While the first day of spring was technically more than a month ago, Yukoners looking to get outside on the territory’s sports fields shouldn’t be lacing up their shoes just yet.
Thanks to wintery weather, and a rather late freeze, most of the sports fields aren’t quite ready for use.
Brittanee Stewart, communications analyst with Yukon’s Department of Highways and Public Works, said although it’s tempting to get out and start exercising with the improved weather, most of the fields are still too wet and too soft.
“Using wet, muddy fields before the grass starts growing and reestablishing itself can cause damage that lasts for several years,” said Stewart.
This year’s frost layer is also particularly deep, so field irrigation systems cannot be used yet.
Once the fields dry up, Stewart said, the field maintenance program kicks off.
That program includes things like removing litter, raking, removing dead grass, aerating, watering, weeding and edging.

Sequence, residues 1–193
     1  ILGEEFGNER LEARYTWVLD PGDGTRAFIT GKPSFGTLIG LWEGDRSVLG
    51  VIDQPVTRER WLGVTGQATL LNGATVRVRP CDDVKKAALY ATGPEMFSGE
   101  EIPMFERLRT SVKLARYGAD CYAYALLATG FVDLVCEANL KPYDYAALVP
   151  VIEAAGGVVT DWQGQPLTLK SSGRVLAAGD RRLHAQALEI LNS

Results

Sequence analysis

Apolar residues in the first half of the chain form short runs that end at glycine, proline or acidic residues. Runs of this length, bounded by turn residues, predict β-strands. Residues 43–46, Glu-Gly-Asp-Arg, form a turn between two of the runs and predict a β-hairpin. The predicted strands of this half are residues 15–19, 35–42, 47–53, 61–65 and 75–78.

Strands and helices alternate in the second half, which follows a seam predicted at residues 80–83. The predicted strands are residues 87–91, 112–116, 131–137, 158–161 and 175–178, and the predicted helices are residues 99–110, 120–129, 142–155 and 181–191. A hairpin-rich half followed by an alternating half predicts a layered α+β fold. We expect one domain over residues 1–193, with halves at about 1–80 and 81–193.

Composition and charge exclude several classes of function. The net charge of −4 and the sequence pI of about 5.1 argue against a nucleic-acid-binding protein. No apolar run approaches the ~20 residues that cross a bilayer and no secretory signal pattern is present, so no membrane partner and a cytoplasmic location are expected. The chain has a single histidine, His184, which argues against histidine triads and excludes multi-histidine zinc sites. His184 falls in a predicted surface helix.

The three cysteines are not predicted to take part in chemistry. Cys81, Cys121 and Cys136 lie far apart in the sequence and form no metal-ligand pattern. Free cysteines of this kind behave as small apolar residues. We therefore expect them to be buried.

After that work can be done, the fields will be opened — ideally by May 28.
“We’ll be working as quickly as possible to allow the sports groups access to the site,” said Stewart.
Currently, Stewart said, Whitehorse Minor Soccer has access to a handful of fields.
Takhini Elementary, Hidden Valley Elementary, Golden Horn Elementary, Whitehorse Elementary, F.H. Collins Secondary School and Holy Family Elementary all have fields in use by WMS.
Softball Yukon takes care of the softball fields in Whitehorse and says all the diamonds, including the Robert Service Way fields, used for minor softball are now ready for use, but the start of the season was delayed a week.
As far as adult softball in Whitehorse goes, the Pepsi Softball Centre diamonds are nearly ready for use but the fields known as Takhini 3, 4 and 5 are still covered in snow, ice and standing water.
Although the weather may be warming up, until the fields are fully prepped for the season Stewart says the public’s best move is to wait — even if it feels counterintuitive.
“It’s a hard thing for people to understand because you think, ‘Oh, the snow is off the field — I can use it,’ but there is all this behind-the-scenes stuff just to get it ready so it can be used now and for years to come,” said Stewart.
The one exception will be the track and field at F.H. Collins Secondary School. It’s undergoing $8.1 million worth of upgrades. Construction is scheduled to start in June and be completed by October 2019.
Contact John Hopkins-Hill at firstname.lastname@example.org